15. Mahanidana Sutta

Buddha and Ananda talk about the Interdependent Origin of Suffering

One day, Ananda said to the Buddha that although the doctrine of the Nidanas (the links in the chain of the interdependent origin of suffering) is deep and difficult, but he, Ananda, understands it as clearly as possible. In response, the Buddha warns Ananda: you should not say that, because misunderstanding of this doctrine makes the minds of people entangled and restless (one should not become flattered by the understanding he has reached, he must strive to penetrate the thought even deeper). Then the Buddha instructs Ananda in depth about the teachings of Nidanas:

Aging and death

If there were no birth in the bodies of the gods, spirits, demons, people, or animals, then it would not be possible to find aging and death anywhere. Therefore, birth is the cause of aging and death.


If there was no desire for existence in any of the worlds: neither in the world of Feelings, nor in the world of Forms, nor in the World of no-Forms, there would be no birth. Therefore, the desire for existence is the cause of birth.

Desire for existence

If there was no excitation of consciousness of any kind: neither the excitation of feelings, nor the excitation from delusions, nor the excited (by desire) following rituals and ceremonies, nor the excitation of consciousness by the belief in “I”, where would the desire for existence come from? Therefore, the excitation of consciousness is the cause of the desire for existence (in explaining the reason of the desire for existence, the term “upadana” is used, the translation of which raises a number of questions. The usual translation – “attachment”, “clinging” – to some extent contradicts the literal meaning – “fuel”. In this text, we treat upadana as “excitation of consciousness” (“ignition by desires”)).

Excitation of consciousness

If there were no Triple Thirst, where would the excitation of consciousness come from? Without thirst for sensual experiences, and without thirst for their extension, and without thirst for oblivion, there would not be any of the types of excitation of consciousness. Therefore, the Triple Thirst is the cause of the excitation of consciousness.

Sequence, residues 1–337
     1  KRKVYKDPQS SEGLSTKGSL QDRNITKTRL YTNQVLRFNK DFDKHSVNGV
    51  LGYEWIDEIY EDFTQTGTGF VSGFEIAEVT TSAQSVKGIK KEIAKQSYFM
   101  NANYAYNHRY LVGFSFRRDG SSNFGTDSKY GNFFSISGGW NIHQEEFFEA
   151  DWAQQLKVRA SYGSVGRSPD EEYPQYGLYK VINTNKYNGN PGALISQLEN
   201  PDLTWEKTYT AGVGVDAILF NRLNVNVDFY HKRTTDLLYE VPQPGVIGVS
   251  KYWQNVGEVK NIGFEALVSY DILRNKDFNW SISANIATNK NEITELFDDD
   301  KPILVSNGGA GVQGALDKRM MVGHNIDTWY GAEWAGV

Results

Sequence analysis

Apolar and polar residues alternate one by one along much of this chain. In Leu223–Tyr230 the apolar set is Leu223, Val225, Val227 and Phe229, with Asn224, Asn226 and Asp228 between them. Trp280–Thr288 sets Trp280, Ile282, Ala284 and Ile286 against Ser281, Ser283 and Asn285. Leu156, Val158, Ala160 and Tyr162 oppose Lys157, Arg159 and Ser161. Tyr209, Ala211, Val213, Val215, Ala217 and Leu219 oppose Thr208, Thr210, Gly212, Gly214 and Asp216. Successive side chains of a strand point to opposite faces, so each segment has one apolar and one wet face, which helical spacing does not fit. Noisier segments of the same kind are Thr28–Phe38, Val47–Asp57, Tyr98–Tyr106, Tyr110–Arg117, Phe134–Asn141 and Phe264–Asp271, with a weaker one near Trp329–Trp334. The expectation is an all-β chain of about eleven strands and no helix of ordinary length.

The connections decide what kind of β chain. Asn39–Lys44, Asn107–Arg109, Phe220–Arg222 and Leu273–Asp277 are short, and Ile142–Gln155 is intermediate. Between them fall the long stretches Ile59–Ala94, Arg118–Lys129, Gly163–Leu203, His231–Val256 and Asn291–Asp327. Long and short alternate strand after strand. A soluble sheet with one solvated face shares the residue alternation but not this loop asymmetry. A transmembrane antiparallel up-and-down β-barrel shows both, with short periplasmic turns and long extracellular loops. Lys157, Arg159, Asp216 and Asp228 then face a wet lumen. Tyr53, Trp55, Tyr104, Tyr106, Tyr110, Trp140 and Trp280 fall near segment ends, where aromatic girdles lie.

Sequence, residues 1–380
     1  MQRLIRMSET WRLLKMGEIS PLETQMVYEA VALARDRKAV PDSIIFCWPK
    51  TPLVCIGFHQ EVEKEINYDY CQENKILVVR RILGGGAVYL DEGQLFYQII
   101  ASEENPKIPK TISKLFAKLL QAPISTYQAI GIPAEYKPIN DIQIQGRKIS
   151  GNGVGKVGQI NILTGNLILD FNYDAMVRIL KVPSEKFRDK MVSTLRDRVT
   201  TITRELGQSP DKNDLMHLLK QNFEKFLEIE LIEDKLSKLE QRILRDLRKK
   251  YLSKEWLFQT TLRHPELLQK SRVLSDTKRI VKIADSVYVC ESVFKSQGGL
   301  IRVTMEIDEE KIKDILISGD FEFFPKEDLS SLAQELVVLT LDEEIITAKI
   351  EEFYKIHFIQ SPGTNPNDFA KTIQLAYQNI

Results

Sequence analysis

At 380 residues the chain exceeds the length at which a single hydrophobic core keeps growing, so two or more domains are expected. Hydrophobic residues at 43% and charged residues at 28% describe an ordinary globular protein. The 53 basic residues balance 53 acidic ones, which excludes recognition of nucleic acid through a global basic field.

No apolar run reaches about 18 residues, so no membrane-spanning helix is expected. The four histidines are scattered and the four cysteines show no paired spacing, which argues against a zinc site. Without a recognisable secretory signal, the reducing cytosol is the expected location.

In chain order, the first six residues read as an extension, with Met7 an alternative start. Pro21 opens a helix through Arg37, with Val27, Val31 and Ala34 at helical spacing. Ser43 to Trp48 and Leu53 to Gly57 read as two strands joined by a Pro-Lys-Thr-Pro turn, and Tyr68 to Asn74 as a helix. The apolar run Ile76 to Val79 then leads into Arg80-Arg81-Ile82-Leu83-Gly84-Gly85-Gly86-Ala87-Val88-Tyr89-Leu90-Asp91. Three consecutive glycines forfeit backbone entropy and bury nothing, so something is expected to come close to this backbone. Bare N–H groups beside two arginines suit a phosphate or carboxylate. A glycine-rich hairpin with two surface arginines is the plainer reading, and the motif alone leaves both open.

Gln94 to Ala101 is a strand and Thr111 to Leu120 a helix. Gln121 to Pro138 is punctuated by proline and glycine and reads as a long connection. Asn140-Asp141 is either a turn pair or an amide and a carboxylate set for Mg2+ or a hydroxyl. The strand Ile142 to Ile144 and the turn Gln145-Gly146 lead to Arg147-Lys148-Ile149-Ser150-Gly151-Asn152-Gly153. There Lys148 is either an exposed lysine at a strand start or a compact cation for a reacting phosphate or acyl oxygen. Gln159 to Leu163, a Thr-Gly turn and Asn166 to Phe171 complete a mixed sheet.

Triple Thirst

If there were no immersion (of consciousness) in the perception of the eye, ear, tongue, nose, body and intellect, then where the Triple Thirst would be drawn from? Therefore, immersion in perception is the cause of thirst.

Another chain of thought that describes the consequences of thirst

The Buddha tells Ananda about another chain of thought, the study of which also leads to an understanding of the depravity of immersion in perception. This description is remarkable because the Buddha shows how the essence of the doctrine of the Interdependent Origin of Suffering can be expressed in completely different chains of thought. We can see that the doctrine of the Interdependent Origin of Suffering is an extraordinarily flexible analytical method, not limited to the basic chain of contemplating about the Twelve Nidanas.

For this additional chain, the Buddha begins the study from bad behavior, when people pick up sticks and knives, experience hostility, start quarrels and arguments, inflict insults, slander and lie. The described (aggressive) behavior would not arise, if there were no fear of losses and possessive feelings. Fear of loss as well as possessive feelings arise based on attachment and passion. Attachment and passion arise as a result of false certainty (in the necessity of possession). This false certainty arises from the desire to possess and gain the experience of possession. The desire to possess and the desire for experience of possession arise from the Triple Thirst and immersion in the activity of senses.

After reviewing this chain, the Buddha again leads Ananda to the conclusion that the dependence of consciousness on feelings is the cause of suffering. If in the first chain, the effects of dependence on the senses are aging and death, then in the second, it is bad behavior leading to degeneration in the lower spheres.

Limits of analytical research

Returning to the main chain of Nidanas, the Buddha explains: the dependence of consciousness on the senses is due to the contact of the senses with the objects of perception, and that contact depends on the union of name and form. The union of name and form depends on the awareness of the “I”, and the awareness of the “I”, in turn, depends on the name-form.

Yet another surprise awaits Ananda, who at the beginning of the conversation believed himself already possessing the doctrine of the Nidanas: the Buddha explains to him that the interdependent emergence of the name-form and the consciousness of the “I” are the limits of analytical research. To this extent, one can distinguish how someone was born, aged, died and reborn. And to this extent, there is a way of describing the whole revolving of the wheel of Samsara, consisting of the name-form along with the consciousness of the “I”.